The one area that was surprisingly not addressed was the Quarterback position. The feeling was with two very young signal callers on the roster in Ta’amu and Roback, that Saint Louis would consider taking one of the veteran Quarterbacks remaining in the draft pool. Players like Joe Callahan and BJ Daniels were drafted in this phase, and a veteran like a Zach Mettenberger was also available.
The BattleHawks continued to address their offensive line depth by taking capable lineman who could have easily gone in Phase 2, in Andrew McDonald, Avery Young and Korren Kirven. The majority of the XFL teams are carrying up to as many as 15 offensive lineman going into mini-camp in December.
One of the biggest sleeper picks in the entire draft is TE Connor Davis, out of Stony Brook. I watched him first hand impress at the New York Summer Showcase at Montclair State. He sticks out like a sore thumb at 6’8 270 plus pounds. A great athlete at that size as well with a 10-foot broad jump. He has untapped potential, and with Phase 1 TE Wes Saxton, currently in the NFL, and with Jonathan Hayes, a former NFL tight end, and former tight ends coach. This is the team you want to be on if you are a tight end looking to develop.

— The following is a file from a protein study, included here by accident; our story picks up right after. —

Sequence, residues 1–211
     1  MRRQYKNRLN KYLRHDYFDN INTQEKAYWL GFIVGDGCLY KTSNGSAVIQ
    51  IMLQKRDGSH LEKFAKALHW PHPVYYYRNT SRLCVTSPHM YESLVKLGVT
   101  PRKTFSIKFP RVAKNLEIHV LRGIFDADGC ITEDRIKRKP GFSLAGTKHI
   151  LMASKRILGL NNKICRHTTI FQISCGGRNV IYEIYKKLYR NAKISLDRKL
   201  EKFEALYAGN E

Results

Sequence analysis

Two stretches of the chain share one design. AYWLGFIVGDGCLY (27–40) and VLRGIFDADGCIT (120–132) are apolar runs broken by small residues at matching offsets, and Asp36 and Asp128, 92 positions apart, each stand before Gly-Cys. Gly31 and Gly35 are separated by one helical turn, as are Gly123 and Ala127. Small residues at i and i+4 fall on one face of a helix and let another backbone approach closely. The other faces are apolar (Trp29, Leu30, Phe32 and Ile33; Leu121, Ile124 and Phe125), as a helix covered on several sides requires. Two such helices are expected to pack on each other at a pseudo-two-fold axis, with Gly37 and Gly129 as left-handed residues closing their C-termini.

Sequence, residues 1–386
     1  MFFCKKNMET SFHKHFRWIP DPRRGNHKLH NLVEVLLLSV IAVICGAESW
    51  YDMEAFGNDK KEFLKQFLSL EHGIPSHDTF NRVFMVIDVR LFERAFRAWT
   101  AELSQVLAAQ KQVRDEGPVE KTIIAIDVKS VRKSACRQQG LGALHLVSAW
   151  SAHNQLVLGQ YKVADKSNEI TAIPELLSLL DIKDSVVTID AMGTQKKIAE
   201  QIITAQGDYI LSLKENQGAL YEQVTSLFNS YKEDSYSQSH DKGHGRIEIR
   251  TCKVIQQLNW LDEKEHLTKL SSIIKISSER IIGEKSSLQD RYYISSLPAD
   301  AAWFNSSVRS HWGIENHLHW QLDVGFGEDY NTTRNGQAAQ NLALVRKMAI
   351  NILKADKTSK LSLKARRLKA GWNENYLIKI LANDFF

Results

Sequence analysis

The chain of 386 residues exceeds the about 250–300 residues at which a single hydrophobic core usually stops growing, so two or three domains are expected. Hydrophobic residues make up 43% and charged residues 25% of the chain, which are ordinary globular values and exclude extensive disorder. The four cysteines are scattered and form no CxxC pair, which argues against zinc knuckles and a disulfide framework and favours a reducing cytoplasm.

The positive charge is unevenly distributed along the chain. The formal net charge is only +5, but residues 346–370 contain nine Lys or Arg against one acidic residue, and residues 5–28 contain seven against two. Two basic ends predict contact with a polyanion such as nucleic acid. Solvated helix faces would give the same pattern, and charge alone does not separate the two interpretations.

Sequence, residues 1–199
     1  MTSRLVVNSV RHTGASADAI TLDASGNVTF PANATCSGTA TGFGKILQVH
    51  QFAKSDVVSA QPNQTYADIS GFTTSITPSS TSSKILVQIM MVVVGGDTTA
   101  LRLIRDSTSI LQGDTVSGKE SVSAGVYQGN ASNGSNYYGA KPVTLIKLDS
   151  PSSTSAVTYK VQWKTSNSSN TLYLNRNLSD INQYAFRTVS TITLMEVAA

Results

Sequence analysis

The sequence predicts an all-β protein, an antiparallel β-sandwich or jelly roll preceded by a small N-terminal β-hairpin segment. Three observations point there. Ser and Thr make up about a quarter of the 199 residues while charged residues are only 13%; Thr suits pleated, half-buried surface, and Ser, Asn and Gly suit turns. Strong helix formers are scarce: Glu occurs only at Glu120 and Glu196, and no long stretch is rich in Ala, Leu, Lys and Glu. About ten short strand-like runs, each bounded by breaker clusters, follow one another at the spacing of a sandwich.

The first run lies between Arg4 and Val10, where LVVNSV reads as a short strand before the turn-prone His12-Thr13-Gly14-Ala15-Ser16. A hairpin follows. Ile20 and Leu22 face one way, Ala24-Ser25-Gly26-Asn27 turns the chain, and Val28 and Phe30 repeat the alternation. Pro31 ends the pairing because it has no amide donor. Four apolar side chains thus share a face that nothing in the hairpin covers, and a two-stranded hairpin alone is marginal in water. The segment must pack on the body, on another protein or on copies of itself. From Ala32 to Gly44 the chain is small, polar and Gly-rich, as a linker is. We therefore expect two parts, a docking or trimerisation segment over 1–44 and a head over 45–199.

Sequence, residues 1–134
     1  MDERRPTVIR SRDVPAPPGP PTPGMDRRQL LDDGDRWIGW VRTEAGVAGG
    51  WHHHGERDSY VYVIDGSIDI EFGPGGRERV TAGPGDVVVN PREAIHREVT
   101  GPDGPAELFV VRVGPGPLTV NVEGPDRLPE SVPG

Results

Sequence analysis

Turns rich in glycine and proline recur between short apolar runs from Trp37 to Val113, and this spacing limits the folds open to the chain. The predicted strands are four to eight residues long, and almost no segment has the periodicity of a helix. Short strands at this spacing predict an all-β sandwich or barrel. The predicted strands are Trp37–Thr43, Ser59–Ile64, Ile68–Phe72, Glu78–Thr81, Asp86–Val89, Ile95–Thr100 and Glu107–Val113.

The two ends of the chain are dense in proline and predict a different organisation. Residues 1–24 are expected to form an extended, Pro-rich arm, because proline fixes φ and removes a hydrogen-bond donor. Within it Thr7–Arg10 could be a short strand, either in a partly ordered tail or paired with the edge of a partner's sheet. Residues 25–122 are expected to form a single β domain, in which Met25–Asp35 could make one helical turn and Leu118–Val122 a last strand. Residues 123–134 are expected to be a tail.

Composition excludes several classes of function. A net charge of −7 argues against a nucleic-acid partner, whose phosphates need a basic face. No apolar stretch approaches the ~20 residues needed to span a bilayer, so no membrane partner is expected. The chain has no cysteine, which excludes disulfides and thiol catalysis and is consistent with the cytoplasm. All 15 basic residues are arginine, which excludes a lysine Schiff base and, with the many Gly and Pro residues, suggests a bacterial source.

The team is well built upfront on the offensive line and on the back end of their defense. OL, DT, S and RB are the teams strongest position groups. What will make or break the BattleHawks this season is their Quarterback play. Despite Ta’amu’s upside, he’s a question mark as a rookie pro quarterback. On the plus side, It really pays to have a Director of Player Personnel like Trey Brown, that has just gone through the experience of being in a spring pro football league earlier this year. There’s a strong AAF imprint on the entire roster. Trey Brown also has NFL experience of scouting players for two great organizations in Philly and New England. It also helps to have a head coach like Jonathan Hayes and Jay Hayes, who both were in the NFL last season, and have been quality assistants in the NFL for a long time. Their knowledge and experience helped them land quality players that were on the back end of NFL rosters in 2018, and this summer… players with upside who haven’t had the chance to be starters. That’s really what the XFL is all about.
Mike Mitchell is a freelance sports writer, analyst, and a general lover of all football. Mike was one of the original XFLBoard.com Team Reporters in 2001, reporting on the New York/New Jersey Hitmen. We have welcomed him back to the XFLBoard and love his ongoing insightful contributions.